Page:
The Surface Engineering Leadership Forum

Materials World magazine
,
10 May 2019

The newly established Surface Engineering Leadership Forum is working to promote the sector. Monitor Coatings Managing Director, Dr Bryan Allcock, and former IOM3 Materials Advisor, Dr Geoff Hale, discuss its role.

Why has mankind advanced more in the last 150 years than in the previous 10,000? Sheer numbers can explain that. During the earlier 10,000 years, humans were constantly facing existential threats in the form of food security and epidemics, in most cases finally achieving food security thanks to industrialisation and more recently, being able to prevent global pandemic-level breakouts of disease. The result of this was population explosion. It is estimated that 10,000 years ago there were around five million humans inhabiting the earth, and as little as 500 years ago there were fewer than 400 million. Today the global population is estimated to be in excess of 7.7 billion.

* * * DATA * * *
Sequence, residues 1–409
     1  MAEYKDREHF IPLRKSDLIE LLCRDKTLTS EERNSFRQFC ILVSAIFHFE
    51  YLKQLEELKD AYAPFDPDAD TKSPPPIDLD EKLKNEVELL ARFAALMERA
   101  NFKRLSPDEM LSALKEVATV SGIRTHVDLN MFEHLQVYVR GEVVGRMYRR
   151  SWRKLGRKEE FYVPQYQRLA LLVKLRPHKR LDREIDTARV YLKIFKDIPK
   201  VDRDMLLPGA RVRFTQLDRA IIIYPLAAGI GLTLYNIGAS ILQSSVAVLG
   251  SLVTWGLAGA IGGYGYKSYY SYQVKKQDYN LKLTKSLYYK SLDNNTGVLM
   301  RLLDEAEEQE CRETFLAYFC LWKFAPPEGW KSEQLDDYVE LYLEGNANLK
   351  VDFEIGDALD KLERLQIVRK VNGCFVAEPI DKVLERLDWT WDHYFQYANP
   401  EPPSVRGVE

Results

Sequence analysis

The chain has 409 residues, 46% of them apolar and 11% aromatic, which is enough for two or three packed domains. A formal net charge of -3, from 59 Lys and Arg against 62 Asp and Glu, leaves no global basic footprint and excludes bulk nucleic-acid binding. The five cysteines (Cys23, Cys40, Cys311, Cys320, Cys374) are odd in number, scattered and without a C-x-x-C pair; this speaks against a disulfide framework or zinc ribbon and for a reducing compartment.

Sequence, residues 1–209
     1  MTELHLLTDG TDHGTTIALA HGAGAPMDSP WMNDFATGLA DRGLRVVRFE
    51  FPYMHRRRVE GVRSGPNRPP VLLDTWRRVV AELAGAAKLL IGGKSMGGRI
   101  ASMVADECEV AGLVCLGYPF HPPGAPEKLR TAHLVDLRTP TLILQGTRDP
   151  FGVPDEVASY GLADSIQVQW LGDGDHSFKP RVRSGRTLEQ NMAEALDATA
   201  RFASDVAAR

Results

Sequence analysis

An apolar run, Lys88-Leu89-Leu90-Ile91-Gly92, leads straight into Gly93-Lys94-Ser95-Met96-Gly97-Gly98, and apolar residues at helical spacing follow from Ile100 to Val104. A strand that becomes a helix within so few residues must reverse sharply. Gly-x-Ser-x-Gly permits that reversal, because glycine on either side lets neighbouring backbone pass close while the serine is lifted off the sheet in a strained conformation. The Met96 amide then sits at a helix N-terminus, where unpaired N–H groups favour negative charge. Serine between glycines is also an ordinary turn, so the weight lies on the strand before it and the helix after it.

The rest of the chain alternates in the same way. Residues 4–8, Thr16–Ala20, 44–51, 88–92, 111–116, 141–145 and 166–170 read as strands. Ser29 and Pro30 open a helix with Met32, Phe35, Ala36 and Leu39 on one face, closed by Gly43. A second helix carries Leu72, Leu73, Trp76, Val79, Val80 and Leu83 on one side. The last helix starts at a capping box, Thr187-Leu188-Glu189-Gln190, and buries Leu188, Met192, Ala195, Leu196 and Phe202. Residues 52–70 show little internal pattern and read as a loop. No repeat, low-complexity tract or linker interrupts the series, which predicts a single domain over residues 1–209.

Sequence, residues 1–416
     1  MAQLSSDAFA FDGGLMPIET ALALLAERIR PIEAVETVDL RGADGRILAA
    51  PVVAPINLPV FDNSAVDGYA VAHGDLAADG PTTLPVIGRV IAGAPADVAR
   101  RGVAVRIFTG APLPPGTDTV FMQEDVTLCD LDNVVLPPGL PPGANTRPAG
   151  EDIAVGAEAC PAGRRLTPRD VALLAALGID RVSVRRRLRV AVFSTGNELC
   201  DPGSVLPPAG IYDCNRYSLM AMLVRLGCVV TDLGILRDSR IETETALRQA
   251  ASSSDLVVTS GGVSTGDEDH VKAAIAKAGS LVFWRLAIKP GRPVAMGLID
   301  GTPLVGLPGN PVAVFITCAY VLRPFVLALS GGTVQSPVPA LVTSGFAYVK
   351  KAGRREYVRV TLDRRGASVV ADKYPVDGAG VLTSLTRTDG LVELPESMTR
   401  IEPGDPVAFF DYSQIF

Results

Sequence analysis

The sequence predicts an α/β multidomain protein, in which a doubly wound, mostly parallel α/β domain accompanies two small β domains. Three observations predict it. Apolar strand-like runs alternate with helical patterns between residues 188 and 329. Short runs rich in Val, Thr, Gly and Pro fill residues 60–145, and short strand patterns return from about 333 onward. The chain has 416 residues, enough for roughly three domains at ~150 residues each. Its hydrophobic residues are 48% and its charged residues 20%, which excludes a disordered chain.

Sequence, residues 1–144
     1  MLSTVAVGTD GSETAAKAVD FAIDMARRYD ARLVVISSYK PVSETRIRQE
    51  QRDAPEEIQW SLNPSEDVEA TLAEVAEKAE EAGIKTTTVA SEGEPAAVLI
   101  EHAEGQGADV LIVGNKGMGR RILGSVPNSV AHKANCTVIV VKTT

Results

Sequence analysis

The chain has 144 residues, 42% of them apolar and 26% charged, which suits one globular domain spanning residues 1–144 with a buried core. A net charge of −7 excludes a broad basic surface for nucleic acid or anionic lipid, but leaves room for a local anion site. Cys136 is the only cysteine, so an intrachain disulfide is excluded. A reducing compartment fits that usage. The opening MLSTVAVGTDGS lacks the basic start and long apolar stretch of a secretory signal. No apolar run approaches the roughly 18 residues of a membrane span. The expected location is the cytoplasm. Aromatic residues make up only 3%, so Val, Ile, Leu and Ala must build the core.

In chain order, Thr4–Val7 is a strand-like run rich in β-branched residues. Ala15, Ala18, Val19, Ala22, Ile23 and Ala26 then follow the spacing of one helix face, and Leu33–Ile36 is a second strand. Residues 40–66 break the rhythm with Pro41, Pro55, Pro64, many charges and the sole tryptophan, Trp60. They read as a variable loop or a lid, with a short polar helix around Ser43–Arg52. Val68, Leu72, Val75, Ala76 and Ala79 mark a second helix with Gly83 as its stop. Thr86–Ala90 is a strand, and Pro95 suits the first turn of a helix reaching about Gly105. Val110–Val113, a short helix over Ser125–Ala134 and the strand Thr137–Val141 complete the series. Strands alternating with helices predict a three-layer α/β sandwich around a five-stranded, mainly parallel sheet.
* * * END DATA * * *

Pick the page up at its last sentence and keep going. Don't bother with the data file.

If we look at trends in human technological advances and achievements over time, we see that in the past 150 years mankind has developed plastics, aeroplanes, the transistor, fission power, the internet and mobile technology. One of the common threads at the heart of all this innovation is surface engineering and coatings.

Given that this year is the sesquicentennial anniversary of the Institute of Materials, Minerals and Mining, it is fitting to take a short glance back at surface engineering and coatings over the last 150 years. This article is not, however, a technical bulletin for surface engineering and advanced coatings. Many great authors have captured the essence of what has been and what is still to come in terms of coatings and associated processes.